TORONTO, Canada — On the face of it, little connects Canadian democracy with roadkill. Yet the year ends with concerns about both.
Wildlife experts raised the alarm last week about the number of grizzlies being killed by trains barreling through national parks in the Rocky Mountains. A report by Parks Canada counted 63 grizzlies killed in an eight-year period, most of them by trains and most of them females of cub-rearing age.
The slaughter is much greater, and involves all kinds of wildlife, when collisions outside the Rocky Mountain parks are included.
At about this time last year, while riding a train across Canada, a conductor told me bull moose during rutting season are particularly vulnerable. They’ve been known to charge trains head-on. The impact is hard enough to jolt the front car, but the results are predictably unfortunate.
“The last thing that went through that moose’s mind was its ass,” the conductor said of one incident he witnessed.
Canadian democracy these days is looking a bit like that moose. The force bearing down on it, according to political analysts here, is Prime Minister Stephen Harper and his Conservative government.
Harper is reportedly threatening to start the New Year the way he ended the last one — with Parliament prorogued. That means the legislature that governs the country would be shut down, at Harper’s request, and reopened at a time when the prime minister finds it more convenient politically.
Last year, Harper had Parliament shut down to save his minority government from opposition parties that had banded together to throw him out of power. This time, Ottawa is buzzing with talk he’ll suspend it to prevent further delving into concerns that Canada may have committed war crimes in Afghanistan.
At issue is how the Harper government handled the transfer to Afghan authorities of suspected insurgents captured by Canadian soldiers in 2006 and 2007. The evidence suggests Canada continued transferring detainees even after receiving repeated warnings — from allies, the Red Cross and its own officials in Kabul — that they were likely to be tortured. That would contravene the Geneva Conventions.
For weeks, the Harper government shot back by questioning the patriotism of critics. Defense Minister Peter MacKay then saw his main line of defense — that not a single prisoner turned over by Canadian soldiers can be proven to have been abused — shot down by Canada’s top general.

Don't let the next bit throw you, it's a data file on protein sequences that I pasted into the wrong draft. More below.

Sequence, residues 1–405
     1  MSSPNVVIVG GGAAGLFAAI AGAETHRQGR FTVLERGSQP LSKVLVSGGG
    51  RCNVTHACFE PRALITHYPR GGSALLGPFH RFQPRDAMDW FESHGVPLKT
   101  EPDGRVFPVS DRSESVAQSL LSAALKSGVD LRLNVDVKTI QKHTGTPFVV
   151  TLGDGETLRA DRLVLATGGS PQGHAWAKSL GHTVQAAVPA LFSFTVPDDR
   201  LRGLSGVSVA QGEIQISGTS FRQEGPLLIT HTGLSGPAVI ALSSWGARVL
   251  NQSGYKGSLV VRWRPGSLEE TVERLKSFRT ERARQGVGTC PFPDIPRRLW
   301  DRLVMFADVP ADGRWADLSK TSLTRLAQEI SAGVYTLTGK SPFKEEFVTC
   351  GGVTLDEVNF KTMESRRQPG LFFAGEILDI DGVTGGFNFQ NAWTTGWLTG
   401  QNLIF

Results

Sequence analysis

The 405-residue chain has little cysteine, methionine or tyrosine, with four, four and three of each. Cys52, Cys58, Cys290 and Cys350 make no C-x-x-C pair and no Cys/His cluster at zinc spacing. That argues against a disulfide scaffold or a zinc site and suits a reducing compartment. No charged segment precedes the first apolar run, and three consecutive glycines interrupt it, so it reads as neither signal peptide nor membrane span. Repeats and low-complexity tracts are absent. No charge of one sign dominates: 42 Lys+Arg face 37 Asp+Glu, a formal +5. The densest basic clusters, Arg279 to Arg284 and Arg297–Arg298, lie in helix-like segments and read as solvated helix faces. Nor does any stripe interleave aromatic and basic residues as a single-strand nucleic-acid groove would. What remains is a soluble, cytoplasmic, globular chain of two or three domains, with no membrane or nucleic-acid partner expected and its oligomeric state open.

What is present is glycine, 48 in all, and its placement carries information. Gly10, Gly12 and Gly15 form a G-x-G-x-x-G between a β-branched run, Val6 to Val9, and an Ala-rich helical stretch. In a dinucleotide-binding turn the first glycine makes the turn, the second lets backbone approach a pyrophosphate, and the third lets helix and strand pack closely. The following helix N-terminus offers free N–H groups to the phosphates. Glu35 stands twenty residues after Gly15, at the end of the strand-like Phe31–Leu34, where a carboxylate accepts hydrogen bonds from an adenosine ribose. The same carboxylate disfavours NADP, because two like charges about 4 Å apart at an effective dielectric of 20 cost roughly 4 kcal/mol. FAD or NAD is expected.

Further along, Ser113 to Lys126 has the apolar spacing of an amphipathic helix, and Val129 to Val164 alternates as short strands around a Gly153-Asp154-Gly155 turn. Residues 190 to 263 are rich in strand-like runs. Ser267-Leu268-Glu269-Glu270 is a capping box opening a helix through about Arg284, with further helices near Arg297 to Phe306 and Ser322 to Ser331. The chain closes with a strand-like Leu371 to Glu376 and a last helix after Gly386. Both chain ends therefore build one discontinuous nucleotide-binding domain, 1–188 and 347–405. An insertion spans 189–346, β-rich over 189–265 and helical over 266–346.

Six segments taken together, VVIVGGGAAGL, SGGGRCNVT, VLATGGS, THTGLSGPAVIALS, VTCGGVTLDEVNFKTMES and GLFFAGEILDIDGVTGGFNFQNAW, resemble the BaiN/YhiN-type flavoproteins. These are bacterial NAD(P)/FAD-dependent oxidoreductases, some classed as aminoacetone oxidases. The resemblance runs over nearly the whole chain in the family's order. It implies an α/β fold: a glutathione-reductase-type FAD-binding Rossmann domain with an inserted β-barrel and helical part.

General Walter Natynczyk, chief of the defense staff, acknowledged two weeks ago that a prisoner had in fact suffered abuse after being transferred to Afghan police in 2006. He also released a report suggested it was common knowledge among Canadian soldiers that detainees were abused.
The revelations resulted in the House of Commons voting for the release of uncensored government documents to a Parliamentary committee studying the issue. The documents would show whether the government was indeed warned of detainees being tortured.
Citing national security concerns, Harper has made clear he won’t hand over uncensored documents, even though the committee could review them in sessions closed to the public. Opposition parties smell a coverup.
Thus the showdown: Opposition parties are considering court action to seize the documents, and Harper is thinking of suspending the pesky Parliament once again.
It’s a long way from the prime minister who came to power in 2006 promising transparency and accountability. Instead, he’s become far better known for using police officers to stop reporters from asking questions, for issuing a secret handbook to Conservative Members of Parliament on how to disrupt committee meetings, for banning civil servants or Conservative election candidates from giving interviews, for treating stimulus tax dollars like Conservative party funds, and for restricting the role of government watchdogs.
A common accusation is that Harper has turned the prime minister’s office into a U.S.-style presidency, with none of the checks and balances south of the border.
Control is a top priority. Richard Colvin, the Canadian diplomat who says he repeatedly warned Ottawa that Afghans were abusing detainees, noted recently that Canadian officials in Kabul were told “they should not report information, however accurate, that conflicts with the government’s public messaging.”
The attitude seems to extend beyond Parliament. Two weeks ago, the Harper government cut off funding to KAIROS, an aid group made up of Christian churches, because of its criticisms of the Israeli government. It cut funding to the Canadian Arab Federation months earlier for the same reasons.
Concerns about democracy add to suspicions that a Harper government — already seen by many urban voters as rural-based, God-fearing, climate change-denying and anti-gun control — has worse in store if it ever forms a majority.
This time last year, analysts were writing his political obituary. Today, he’s Canada’s most formidable politician. But when the normally stern Harper forces a smile, there are still Canadians who can’t help but react instinctively — they brace for a mugging. His spin doctors tried to soften his image during the past year. They gave him woolly sweaters to wear and sat him at a piano during a gala to sing the Beatle’s tune, “With a little help from my friends.”
His support rose briefly into majority territory — helped by the startling ineptness of his main political rival, Liberal leader Michael Ignatieff. But Harper’s handling of the torture allegations dragged it back down.
In the next federal election, likely sometime in 2010, Canadians will decide whether democracy has been unacceptably reduced to a moose head-butting a train.